Tel - 414.207.4426
Tel - 608.320.6710
1. How do you intend to help me?
An injury lawyer should determine your goals before agreeing to represent you. A good lawyer will reject your case if you are unreasonable or want to pursue questionable objectives.
2. Can I call, email, text you anytime?
Some lawyers (generally at small firms) are available to talk in person anytime. Others require you to call the office and deal with a secretary or paralegal. Dealing directly with the attorney handling your case saves time and confusion. Some large firms even have multiple attorneys working on various portions of your case. While this may seem good, it can lead to problems if one lawyer is just filling in for another and is not familiar with the details of the case.
3. Do you represent insurance companies against people who are injured?
Lawyers who represent insurance companies against injured people get paid to fight against people like you. They may claim that they see "both sides." It is common for insurance defense lawyers to hire doctors to examine and injured person and then testify that the person either was not injured, or is exaggerating the seriousness of injuries and length of time needed to recover. Insurance defense lawyers will use all legal options available to dismiss your case and make it so you get $0.00 and have to pay their costs if possible. I have never worked for an insurance corporation and never will. I help people not corporations.
4. How much of a percentage will you take from my recovery?
Injury lawyers usually have clients sign a written fee agreement that outlines their contingent fees. Contingent fees mean the lawyer's fee is contingent upon the outcome. The lawyer only gets paid if they obtain a settlement or verdict for you. If there is no settlement or verdict you don't have to pay the lawyer. There are variations that include the lawyer paying for costs, client paying for costs and others. The best part of a contingent fee agreement is that people who are injured and do not have any money to pay a lawyer can still hire a lawyer. Many people think they can obtain more money on their own and choose not to hire a lawyer. In my opinion, unless the amount in controversy in your case is quite small (such as less than $5,000) you will come out ahead/ end up with more money in your pocket if you hire a lawyer to help you. Also, you will decrease the stress of being responsible for your case and lessen the chance of a major error that results in dismissal of your case.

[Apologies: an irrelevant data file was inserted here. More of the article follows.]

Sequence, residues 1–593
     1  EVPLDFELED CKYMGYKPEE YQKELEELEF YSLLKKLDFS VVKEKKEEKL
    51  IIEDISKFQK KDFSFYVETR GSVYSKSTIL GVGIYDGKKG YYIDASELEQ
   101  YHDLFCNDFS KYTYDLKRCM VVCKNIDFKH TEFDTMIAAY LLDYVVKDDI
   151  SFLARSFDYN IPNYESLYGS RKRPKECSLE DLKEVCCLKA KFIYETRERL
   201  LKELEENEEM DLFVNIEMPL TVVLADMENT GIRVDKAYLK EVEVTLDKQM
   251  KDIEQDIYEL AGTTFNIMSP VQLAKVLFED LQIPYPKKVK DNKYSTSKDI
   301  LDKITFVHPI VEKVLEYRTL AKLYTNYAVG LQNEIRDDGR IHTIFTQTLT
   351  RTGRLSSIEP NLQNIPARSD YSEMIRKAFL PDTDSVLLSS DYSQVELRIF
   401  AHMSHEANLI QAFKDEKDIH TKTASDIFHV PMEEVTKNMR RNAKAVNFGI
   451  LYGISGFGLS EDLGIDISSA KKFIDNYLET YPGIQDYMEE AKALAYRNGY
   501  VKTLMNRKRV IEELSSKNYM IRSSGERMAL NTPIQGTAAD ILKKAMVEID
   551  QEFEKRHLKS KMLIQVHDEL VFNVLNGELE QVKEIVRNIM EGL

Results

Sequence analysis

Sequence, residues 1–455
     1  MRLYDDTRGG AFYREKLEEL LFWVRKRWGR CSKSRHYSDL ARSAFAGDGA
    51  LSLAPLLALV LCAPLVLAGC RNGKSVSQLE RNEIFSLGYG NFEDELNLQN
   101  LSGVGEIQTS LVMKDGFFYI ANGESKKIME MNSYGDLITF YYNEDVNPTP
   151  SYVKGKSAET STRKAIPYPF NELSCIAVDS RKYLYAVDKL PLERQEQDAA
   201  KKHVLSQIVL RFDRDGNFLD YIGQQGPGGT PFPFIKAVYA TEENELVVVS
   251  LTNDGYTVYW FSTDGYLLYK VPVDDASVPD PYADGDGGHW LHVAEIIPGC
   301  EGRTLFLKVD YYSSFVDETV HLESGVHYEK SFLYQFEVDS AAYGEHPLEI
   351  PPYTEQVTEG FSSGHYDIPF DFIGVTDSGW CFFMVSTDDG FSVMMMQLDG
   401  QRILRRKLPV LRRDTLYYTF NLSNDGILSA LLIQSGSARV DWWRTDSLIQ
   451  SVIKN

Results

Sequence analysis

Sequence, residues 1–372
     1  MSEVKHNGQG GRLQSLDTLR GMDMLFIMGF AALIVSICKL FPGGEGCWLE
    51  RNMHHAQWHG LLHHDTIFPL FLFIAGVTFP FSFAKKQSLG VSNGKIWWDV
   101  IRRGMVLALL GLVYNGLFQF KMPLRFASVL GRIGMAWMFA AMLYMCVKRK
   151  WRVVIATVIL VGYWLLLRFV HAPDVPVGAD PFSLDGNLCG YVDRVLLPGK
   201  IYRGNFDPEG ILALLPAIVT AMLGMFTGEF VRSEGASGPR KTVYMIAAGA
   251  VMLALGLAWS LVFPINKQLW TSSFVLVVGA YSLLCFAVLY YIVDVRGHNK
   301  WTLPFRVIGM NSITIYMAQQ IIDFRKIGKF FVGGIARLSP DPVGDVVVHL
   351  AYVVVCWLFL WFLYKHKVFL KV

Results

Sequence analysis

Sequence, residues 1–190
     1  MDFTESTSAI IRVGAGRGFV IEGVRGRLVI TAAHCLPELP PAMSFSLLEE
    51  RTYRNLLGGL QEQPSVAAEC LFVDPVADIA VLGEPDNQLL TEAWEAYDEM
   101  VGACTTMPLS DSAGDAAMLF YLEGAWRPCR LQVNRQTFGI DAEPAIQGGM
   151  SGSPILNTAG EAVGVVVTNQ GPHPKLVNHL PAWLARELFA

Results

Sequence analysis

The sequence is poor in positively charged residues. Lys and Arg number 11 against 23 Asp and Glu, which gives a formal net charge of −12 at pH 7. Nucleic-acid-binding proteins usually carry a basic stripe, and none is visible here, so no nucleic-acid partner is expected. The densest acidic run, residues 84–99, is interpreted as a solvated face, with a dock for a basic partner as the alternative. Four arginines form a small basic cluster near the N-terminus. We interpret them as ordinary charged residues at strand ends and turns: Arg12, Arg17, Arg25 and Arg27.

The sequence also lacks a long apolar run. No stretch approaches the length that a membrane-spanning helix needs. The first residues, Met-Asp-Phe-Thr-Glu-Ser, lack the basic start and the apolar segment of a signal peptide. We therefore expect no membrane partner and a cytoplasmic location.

5. Do you pay for the costs of handling the case or do I?
Costs include things like filing fee+ jury demand ($337.50), private investigator fees, subpoenas for witnesses, etc. A good lawyer will inform the client of anticipated costs ahead of time and get the clients approval before spending any money. Options include the client paying for costs, the lawyer advancing costs and then getting costs back at the end in addition to the fee, splitting costs, or the lawyer paying for costs and not getting anything back.
6. Can you give me an example of a recent injury case you handled, what the issues were, and how it turned out?
Yes. I recently handled a case involving a driver not paying attention and crashing into another driver. Issues included whether treatment received after the crash was related to the crash, proof of missed work and amounts lost, and obtaining a fair amount for the totaled vehicle.
7. Will you agree to do whatever I want as long as the ethical rules allow?
Yes. I have not been injured. I am not the important person. Whether a client wants to settle for a written apology, $1, or wants $1,000,000 is their decision and not mine. My job is to advise the process and the advantages and disadvantage of proceeding in a certain manner.
8. Why do you want to help me with my case?
I am a solo lawyer and take cases after careful consideration. Because of my background I have the ability to relate to many different types of people. If I feel I can relate to your situation and believe in you and your case, I will help you. If you or I don't get a good feeling or you think someone else would be a better fit, I am happy to decline the case.
9. What happens if we lose?
Injury cases generally involve three possible stages. 1. settlement with insurance company without filing lawsuit in court; 2. filing lawsuit 3. trial. If an injured person loses at trial in Wisconsin the judge will order the losing party/injured person to pay costs for the other side. This includes things like copies, deposition costs, and fees for subpoenaing witnesses. This keeps people from filing frivolous lawsuits. It also makes it so the person who wins does not have to waste any of their own money on things that should not have had to been paid for in the first place.
10. How long will it take to get me justice?
Settling without filing a lawsuit could happen within days, weeks, months, or years of getting injured. Settling after a lawsuit would generally take about six months to two years. Obtaining a verdict at trial could take from several months (unlikely) to several years (likely). If the losing party appeals it will likely add a year or more onto the time until you get what the jury included in the verdict to make up for what happened to you.
Call or email me anytime. 608 320-6710 or 414 207-4426. firstname.lastname@example.org